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Saturday, October 20th, 2018 08:48 pm

Synth Glossary

Frequency Modulation (FM):
Frequency modulation allows the output of one oscillator to drive the frequency of another oscillator. It can generate very complex sounds from very simple waveforms and is the basis of the Yamaha DX range of synthisizers and OPL range of synthesizer chips (used in Adlib and most other soundcards)....

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Quadra
"The name Quadra is derived from the fact that the instrument is actually four separate synthesizers in one microprocessor-controlled system. This instrument gives the musician the ability to write, edit, store, and activate the sounds of four synthesizers in live performance. [It is sort of like a combination of an Omni and an Odyssey] "The Quadra's four sections are: a bass synthesizer, string synthesizer, polyphonic synthesizer, and two-voice, touch sensitive lead synthesizer. A stereo, voltage controlled phase shifter is also included, designed for the Quadra's special requirements. "The bass synthesizer can be programmed to control the two lower octaves of a five-octave split keyboard, ranging from electric to string bass settings. "The string synthesizer produces the rich, deep string sounds for which ARP is famous, and can be used with the built- in phase shifter for exceptionally dramatic string choruses. "The poly/synthesizer section provides the musician with a quick change of envelope control parameters at a touch of a switch. Brass, Piano, and synthesizer sounds can be processed through the phase shifter, sample/hold and other circuits for a variety of polyphonic synthesizer and keyboard effects.

["It was a top-octave subdivider system (basically an electronic organ) with a single VCF, VCA and ADSR for all notes. All notes passed through a single set of envelopes with the first keys struck in a chord triggering the envelope. Fine for block chords, but a "strummed" chord was impossible. Also it read the KB CV to the filter off the highest key pressed, making for funny results played two handed chords at once. The Quadra was about two or three years too late to make a difference, as both Sequential Circuits and Oberheim had real programmable polyphonics on the market by 1978." ----Joseph Swails, a former ARP salesman]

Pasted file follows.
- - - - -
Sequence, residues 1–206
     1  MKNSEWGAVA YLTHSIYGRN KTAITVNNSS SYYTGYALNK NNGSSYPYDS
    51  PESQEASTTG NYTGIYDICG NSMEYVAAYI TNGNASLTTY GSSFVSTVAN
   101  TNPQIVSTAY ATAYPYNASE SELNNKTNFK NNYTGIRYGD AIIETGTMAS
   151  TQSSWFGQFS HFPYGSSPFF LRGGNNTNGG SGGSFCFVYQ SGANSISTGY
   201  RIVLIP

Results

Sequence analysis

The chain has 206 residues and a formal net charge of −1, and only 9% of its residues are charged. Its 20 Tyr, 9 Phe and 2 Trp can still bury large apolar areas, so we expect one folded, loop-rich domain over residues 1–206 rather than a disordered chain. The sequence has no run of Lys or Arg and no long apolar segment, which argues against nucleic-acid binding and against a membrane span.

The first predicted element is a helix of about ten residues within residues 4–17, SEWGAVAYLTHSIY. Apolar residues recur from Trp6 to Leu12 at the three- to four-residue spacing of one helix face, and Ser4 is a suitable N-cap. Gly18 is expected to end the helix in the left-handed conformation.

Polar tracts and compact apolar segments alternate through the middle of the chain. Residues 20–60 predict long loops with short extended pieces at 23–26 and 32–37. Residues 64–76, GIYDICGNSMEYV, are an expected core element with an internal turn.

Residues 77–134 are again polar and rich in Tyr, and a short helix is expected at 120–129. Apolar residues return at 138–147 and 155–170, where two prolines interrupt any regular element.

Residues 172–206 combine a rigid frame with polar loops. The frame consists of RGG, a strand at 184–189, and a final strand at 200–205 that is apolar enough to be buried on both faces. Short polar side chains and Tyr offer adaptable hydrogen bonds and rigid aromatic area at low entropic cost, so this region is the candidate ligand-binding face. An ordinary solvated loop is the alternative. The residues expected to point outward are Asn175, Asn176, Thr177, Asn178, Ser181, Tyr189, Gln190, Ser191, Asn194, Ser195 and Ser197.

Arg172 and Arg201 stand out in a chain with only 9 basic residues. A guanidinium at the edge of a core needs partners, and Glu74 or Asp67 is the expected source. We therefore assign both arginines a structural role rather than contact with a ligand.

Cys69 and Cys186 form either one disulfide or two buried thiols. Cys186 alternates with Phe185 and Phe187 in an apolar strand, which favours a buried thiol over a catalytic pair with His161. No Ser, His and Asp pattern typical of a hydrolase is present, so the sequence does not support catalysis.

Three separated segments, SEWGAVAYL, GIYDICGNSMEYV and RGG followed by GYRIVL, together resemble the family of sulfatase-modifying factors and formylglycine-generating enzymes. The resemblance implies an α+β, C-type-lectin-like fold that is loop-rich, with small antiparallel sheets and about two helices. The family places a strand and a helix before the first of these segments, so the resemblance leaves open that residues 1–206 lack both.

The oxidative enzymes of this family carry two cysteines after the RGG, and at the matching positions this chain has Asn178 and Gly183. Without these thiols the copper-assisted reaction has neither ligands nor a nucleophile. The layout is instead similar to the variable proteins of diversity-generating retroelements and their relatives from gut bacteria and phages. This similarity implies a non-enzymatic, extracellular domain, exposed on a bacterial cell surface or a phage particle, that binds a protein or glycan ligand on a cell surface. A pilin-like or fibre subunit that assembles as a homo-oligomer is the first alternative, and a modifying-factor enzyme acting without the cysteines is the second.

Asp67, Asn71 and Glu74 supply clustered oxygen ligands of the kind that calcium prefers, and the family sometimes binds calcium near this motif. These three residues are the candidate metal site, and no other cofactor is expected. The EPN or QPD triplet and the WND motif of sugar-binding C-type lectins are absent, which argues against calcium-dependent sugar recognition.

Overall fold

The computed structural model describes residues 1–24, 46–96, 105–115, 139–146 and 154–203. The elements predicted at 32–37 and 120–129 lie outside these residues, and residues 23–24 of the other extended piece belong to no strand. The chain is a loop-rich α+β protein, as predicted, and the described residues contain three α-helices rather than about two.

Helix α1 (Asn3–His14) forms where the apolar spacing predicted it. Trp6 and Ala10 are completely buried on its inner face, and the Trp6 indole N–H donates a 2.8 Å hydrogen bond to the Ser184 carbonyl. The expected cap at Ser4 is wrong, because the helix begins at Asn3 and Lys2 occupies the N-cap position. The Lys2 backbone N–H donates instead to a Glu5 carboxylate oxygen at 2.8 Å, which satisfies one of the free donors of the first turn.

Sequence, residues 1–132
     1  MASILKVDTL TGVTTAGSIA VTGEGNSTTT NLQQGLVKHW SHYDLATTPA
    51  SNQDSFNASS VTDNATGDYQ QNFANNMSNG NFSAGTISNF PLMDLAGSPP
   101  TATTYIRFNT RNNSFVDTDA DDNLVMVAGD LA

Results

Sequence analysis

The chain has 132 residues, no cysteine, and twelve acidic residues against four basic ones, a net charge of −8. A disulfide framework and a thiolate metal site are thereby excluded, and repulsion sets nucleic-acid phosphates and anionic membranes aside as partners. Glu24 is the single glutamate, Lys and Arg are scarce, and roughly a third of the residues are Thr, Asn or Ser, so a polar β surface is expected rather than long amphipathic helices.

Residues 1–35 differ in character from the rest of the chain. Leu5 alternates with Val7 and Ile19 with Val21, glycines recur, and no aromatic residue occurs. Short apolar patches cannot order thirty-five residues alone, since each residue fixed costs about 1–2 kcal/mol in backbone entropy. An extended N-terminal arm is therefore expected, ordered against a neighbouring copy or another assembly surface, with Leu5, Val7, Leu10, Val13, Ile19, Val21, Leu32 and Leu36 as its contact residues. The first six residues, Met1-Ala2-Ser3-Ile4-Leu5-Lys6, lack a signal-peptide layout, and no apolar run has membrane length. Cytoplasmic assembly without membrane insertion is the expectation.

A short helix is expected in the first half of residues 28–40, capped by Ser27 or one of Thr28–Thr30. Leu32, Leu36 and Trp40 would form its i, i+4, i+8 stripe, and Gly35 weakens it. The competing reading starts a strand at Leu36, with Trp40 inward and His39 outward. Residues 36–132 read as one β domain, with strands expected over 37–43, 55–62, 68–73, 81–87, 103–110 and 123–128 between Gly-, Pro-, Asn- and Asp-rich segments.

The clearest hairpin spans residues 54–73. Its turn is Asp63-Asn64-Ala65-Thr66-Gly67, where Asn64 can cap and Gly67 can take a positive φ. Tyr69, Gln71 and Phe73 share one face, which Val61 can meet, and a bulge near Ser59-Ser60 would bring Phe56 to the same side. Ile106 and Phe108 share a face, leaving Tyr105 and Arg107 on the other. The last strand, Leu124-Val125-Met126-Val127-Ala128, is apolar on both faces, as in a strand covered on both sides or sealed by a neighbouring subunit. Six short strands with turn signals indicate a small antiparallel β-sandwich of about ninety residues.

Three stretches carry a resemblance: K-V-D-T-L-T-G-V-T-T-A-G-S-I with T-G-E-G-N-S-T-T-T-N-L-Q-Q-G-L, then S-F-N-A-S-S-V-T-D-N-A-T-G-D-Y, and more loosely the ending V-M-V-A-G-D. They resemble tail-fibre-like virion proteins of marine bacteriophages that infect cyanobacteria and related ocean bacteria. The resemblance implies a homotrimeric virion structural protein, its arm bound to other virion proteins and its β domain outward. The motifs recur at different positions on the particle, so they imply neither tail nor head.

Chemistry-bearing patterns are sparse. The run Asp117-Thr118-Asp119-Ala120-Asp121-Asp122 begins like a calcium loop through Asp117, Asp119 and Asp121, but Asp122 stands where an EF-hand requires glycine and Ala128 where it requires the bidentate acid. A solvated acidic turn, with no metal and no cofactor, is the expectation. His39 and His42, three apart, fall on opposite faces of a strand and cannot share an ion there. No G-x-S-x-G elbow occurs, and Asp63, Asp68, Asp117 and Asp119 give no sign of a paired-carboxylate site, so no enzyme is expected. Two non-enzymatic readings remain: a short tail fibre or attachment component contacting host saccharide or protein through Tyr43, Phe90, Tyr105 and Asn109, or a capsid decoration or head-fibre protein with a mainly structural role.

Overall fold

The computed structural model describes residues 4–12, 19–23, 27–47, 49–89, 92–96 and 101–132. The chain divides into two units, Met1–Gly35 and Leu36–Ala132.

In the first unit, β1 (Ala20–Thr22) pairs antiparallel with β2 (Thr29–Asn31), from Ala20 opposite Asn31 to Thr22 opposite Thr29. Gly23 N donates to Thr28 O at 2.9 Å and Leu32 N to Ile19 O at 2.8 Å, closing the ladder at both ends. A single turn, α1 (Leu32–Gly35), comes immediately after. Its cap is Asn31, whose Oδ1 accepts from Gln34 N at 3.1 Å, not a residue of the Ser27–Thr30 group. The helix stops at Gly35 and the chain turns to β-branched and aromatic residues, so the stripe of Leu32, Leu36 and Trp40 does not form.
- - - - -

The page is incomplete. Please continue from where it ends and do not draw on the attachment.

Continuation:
"The lead synthesizer section is actually a two-note, lead-line variable syntheszier, with pressure-sensitive (second touch) control of dynamics over three octaves, and full five octave range when the bass synthesizer section is not in use. "The Quadra's lead capability includes twin-channel portamento and, coupled with a microprocessor, allows intervals and octaves to be programmed from the keyboard in real time. A built in sequencer permits instant sequential effects which follow every key depressed. The sequence can be memorized and held while the keyboardist plays additional string and polyphonic lines on top of the latched sequence. [Unfortunately there is no external sync for the sequencer.] "At the heart of the Quadra is a computer programmer, a device which unites preset and variable synthesizer technology. Prior to a performance, the musician sets up the desired sounds in each section and stores these sounds into any of the 16 programmable positions. The sounds are memorized and can then be recalled by touch. [Memory settings let you know which sliders are active. It does not set the positions for you, but rather, it just lets you know which ones to move.] "Each section of the Quadra is individually programmable and mixable through the output mixing controls centrally located on the control panel. Additional synthesizers can be interfaced with the Quadra through ARP systems interface jacks. Pedal and footswitches control inputs for a variety of Quadra functions are easily acessible on the back panel."

In addition to the separate outputs for each synth, there are separate CV/gate inputs for the Bass and the lead synth voices, and an additional seven Control Voltage inputs.

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